Stefan Pavlik

Guest
My god - what rock have you been hiding under for the last 7 years? The
USPS has an advertising budget and with that it can pick and choose how and
where it will be spent. It chose to sponsor a cycling team to get some
global recognition. IT turned out to be the biggest and best return on
investment the USPS ever made. Who'd ever thought Lance would win 1,3 5 or
even 6 tours. If memory serves me correctly he wasn't even on the
'original' USPS team. Now if the USPS takes it's $25 million dollar ad
budget and spends it on TV commercials, it gets a few ads produced and some
air time, then its run its course. With the same amount of money spent,
it's logo is on every sports magazine cover prior to the tour, on the news
everyday in July and endless photos throughout the year. In doing so, the
USPS can and has kept stamp prices reasonably low and also has been able to
compete head-to-head with UPS (even having cheaper prices on many of its
parcel services)! In December, the USPS will end its sponsorship term with
the procycling team. Personally, I think it has done great job and while
it hasn't used your tax dollars, it appreciates you buying stamps and using
its services daily.
"Churchill" <[email protected]> wrote in message
news:[email protected]
>
> "Marty Wallace" <[email protected]> wrote in message
> news:[email protected]
> >
> > "Sam" <[email protected]> wrote in message
> > news:[email protected]
> > >
> > > "Alex Rodriguez" <[email protected]> wrote in message
> > > news:[email protected]
> > > > In article <[email protected]>,
> > > > [email protected] says...
> > > > >Hey,
> > > > > Why does the US federal Government support a bike team in France?

I
> > > > >work hard for my money, and think the taxes I pay could be better
> > > > >used. What a Boondoggle!
> > > >
> > > > Like any other company, you have to advertise to get more business.

> > USPS
> > > > wanted to get more customers in Europe to use their service, so they
> > > sponser
> > > > a bicycle racing team. For the money they spend, they get an

> excellent
> > > > return on investment. So they continued to do so until ignorant

folks
> > > > started to complain.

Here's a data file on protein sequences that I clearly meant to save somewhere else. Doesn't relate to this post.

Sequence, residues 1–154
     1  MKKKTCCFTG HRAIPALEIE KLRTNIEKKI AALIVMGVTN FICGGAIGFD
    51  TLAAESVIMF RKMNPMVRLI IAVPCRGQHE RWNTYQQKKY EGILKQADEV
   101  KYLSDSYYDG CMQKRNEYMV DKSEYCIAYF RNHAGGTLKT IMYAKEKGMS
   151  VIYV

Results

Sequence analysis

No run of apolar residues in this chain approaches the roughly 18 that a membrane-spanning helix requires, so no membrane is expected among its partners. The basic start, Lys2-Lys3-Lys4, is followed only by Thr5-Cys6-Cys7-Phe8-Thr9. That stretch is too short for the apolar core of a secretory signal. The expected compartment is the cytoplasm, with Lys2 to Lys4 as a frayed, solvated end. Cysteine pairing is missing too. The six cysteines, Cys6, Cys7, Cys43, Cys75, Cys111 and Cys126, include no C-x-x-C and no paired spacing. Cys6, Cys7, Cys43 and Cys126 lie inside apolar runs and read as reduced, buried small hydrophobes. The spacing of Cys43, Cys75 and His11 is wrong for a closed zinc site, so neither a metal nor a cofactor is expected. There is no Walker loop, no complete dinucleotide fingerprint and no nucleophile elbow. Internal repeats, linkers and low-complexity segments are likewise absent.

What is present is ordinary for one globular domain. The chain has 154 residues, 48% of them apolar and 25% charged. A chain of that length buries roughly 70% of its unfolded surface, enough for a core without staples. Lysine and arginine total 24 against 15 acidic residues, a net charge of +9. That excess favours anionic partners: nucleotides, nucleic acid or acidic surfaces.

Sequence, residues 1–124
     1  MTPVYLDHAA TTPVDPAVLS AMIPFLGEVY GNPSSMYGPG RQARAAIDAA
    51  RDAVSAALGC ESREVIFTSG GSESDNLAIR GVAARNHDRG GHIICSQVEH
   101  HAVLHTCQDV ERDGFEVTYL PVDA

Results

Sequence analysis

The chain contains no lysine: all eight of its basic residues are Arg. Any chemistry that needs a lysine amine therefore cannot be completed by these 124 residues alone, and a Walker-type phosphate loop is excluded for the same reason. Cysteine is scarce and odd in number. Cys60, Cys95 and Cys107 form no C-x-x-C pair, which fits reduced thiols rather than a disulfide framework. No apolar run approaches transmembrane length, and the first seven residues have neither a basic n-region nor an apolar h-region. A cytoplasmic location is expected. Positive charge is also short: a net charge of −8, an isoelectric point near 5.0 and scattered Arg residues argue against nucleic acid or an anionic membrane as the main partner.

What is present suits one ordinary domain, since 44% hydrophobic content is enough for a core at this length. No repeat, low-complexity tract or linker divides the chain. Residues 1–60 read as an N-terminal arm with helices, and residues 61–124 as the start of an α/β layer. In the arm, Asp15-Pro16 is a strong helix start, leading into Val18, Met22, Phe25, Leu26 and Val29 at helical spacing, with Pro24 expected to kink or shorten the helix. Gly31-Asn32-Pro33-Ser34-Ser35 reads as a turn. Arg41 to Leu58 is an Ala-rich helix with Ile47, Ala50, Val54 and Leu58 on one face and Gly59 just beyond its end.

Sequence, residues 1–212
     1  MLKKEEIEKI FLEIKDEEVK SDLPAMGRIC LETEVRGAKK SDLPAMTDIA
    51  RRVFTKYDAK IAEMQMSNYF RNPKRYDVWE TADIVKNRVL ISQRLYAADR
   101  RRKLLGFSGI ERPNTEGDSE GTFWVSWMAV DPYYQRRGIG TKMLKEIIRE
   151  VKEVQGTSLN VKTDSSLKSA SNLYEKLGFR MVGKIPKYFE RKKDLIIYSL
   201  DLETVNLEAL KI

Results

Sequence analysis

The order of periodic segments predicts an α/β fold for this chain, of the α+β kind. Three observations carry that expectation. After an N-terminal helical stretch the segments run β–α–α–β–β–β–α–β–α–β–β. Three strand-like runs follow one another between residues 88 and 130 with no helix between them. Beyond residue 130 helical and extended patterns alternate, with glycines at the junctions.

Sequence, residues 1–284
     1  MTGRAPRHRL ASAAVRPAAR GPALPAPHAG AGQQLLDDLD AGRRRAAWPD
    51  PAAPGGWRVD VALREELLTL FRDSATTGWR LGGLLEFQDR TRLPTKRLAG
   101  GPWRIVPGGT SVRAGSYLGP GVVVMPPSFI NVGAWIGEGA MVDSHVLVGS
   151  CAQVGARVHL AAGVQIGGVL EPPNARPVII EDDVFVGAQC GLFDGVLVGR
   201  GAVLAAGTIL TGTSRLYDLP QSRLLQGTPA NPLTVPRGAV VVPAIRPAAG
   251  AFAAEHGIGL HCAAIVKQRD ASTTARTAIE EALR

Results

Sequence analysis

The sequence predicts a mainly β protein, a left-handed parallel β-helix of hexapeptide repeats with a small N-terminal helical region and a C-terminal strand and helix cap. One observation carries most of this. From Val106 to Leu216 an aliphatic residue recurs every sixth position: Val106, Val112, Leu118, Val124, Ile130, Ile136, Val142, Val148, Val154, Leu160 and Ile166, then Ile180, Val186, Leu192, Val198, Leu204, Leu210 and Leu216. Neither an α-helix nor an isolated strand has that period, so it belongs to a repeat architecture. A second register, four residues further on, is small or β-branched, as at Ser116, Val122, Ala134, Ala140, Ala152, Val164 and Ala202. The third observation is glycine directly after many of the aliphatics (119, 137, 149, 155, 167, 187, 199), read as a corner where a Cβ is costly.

> > > > -------------
> > > > Alex
> > > >
> > >
> > > I would like to see some proof that they are getting bang for their

buck
> > in
> > > terms of promotion and advertising. I doubt they are.
> > >
> > >

> >
> > My God you're an idiot.
> > The fastest rider and the fastest team in the biggest race in the world!
> > And you want proof?
> > If you don't think thats good promotion and advertising then you tell us
> > what is.
> >
> > Marty

>
> Speaking as a non-American I would never have heard of the "USPS" if it
> wasn't for the Tour, so their marketing worked in my case :)
>
> USPS is smart to do this, they are getting all of Europe focused on their
> name, cycling 'I sense' is much more popular in Europe than North America

:)
>
>
 
B

Bonehenge

Guest
On Sun, 11 Jul 2004 03:00:51 GMT, "Stefan Pavlik" <[email protected]>
wrote:

> It chose to sponsor a cycling team to get some
>global recognition. IT turned out to be the biggest and best return on
>investment the USPS ever made.


I've read that the sponsorship was NOT aimed at the US, but Europe.

The USPS was trying to increase it's share of the lucrative and
profitable global express market, also served by UPS, FedEx, DHL,
etc... In other words, they are trying to convince Euros to use the
USPS to ship stuff to and from the USA. Here in the US, the USPS is
losing package business to the same companies. Going after their
profitable global business, attempting to expand the business into new
markets, can be seen as a smart move.

If this is true, and it actually makes sense, sponsoring the bike team
would be no different from FedEx and UPS sponsorship of auto racing
here in the USA. Think about it, the target of the advertising is
Europe, pro cycling is as big there as NASCAR is in the USA.

I'll bet the bike team is cheaper than sponsoring a decent F1 team.
<G>

Barry
 
D

David N. Welton

Guest
Bonehenge <[email protected]> writes:

> The USPS was trying to increase it's share of the lucrative and
> profitable global express market, also served by UPS, FedEx, DHL,
> etc... In other words, they are trying to convince Euros to use the
> USPS to ship stuff to and from the USA.


But can you use USPS from europe? I can't, afaik, here in Italy. And
believe me, any alternative to the Italian postal system is welcome...
What's the point of advertising USPS when half the shipping depends on
the local postal system? I don't really follow that logic.

--
David N. Welton